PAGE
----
With publishing in a tailspin and fewer books achieving commercial success, agents and editors are really focusing their efforts on masterful writers. In terms of your own development as a person, you should strive to be the best you can possibly be. So if you are getting rejected, don’t let it crush you. You’re just not there yet. And you shouldn’t expect to be. Just because some people get published their first time out (ahem, Stephenie Meyer), doesn’t mean that’s the way your story will go. Are you really justified in your angst? Can you say that you’ve put a decade of solid work into your craft?

The enlightening — and scary in a this-is-your-mission-should-you-choose-to-accept-it way — thing is: you can’t control the publishing industry or the “gatekeepers,” but you are in full control of your creative work. So instead of sitting there and griping about rejection, the only empowering, right, and inspiring thing for you to do is to open up your Word doc and start reading, writing, and revising. The power to write something incredible lies in your hands. And if all that reading, writing, and revising sounds like too much work? Perhaps the path of being a writer isn’t the right one for you.

Keep going. The responsibility lies on your shoulders. And don’t be afraid to put down your old project and start a new one. You can’t cling to one idea in this or any other business. If you dig your claws in to something that has been rejected everywhere, of course you’re going to be miserable. Not to mention that if you’re already running out of ideas — and you’re not even published yet — you’re in deep trouble. So cast off your unsuccessful projects and work on something else. Focus on your craft. Plod along toward mastery. I send rejections every single day of my life, but I don’t do it to wound or hurt or ruin. All I’m thinking as I press “Send” is, and I’m very serious here: “Not yet”or “Not yet, but soon.”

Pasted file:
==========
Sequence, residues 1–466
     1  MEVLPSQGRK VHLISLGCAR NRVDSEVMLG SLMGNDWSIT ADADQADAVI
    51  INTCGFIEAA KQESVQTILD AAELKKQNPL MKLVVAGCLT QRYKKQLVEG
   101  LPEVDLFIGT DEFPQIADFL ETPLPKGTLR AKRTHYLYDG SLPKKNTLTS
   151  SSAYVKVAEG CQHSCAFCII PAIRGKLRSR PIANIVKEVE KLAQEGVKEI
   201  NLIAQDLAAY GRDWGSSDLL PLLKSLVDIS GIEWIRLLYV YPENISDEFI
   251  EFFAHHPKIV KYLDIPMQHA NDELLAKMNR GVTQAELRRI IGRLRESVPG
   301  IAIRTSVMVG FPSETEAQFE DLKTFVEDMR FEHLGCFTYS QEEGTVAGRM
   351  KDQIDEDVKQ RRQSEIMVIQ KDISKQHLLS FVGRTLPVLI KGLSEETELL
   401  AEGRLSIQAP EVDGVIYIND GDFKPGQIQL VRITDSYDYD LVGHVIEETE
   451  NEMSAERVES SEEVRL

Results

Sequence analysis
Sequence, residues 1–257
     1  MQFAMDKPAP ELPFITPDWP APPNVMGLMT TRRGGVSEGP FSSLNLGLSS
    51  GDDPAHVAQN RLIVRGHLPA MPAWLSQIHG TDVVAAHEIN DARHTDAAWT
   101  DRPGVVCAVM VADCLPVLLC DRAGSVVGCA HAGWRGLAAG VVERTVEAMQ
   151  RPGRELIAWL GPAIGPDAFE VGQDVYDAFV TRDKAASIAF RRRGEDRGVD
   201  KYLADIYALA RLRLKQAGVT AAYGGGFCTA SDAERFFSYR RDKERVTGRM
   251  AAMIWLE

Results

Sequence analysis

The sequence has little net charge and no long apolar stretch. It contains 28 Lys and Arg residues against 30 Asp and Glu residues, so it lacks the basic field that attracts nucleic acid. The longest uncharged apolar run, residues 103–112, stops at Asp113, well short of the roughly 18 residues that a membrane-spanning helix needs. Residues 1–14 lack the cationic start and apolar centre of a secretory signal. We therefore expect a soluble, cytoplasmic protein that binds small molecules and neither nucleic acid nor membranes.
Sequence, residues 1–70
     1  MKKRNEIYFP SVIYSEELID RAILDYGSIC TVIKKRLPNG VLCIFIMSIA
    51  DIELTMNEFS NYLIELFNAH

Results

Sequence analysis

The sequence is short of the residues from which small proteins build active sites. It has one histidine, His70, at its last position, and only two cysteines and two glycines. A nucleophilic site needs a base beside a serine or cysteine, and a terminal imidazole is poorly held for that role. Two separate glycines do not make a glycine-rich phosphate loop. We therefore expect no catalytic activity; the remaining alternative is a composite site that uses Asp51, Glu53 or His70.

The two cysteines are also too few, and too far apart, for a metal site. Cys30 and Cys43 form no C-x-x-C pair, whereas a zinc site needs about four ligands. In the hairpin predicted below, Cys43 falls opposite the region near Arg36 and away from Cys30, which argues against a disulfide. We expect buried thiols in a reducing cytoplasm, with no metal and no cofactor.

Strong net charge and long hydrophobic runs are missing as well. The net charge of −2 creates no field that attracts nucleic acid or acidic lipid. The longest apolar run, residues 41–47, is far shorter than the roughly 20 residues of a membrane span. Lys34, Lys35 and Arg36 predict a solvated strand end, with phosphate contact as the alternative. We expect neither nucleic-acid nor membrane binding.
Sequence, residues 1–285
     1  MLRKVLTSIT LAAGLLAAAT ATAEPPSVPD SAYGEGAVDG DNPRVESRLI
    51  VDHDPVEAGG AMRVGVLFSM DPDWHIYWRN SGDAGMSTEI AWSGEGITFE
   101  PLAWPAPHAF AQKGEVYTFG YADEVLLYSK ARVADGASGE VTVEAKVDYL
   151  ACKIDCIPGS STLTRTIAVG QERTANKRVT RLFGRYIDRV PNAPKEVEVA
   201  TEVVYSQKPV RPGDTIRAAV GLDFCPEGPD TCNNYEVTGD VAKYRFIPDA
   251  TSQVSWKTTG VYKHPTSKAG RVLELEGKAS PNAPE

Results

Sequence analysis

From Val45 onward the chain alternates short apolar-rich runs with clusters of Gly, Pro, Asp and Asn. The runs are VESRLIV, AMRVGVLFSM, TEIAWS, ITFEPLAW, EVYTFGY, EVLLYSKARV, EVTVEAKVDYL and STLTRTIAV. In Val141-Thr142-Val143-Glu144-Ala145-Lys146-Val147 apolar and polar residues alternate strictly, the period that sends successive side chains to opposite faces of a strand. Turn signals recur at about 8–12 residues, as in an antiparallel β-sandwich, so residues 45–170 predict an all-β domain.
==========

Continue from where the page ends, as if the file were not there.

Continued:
Receive a rejection, learn from it if it has anything valuable or constructive to teach you, and move on as you stick with your trajectory toward Unconscious Competence. You shouldn’t view it as a negative thing, and never a personal thing. You should view it as encouragement to keep going and keep growing.

To top off this post, Siski also wanted me to ask: How do you deal with rejection? Post your thoughts in the comments!

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  1. Howlynn Martin’s avatar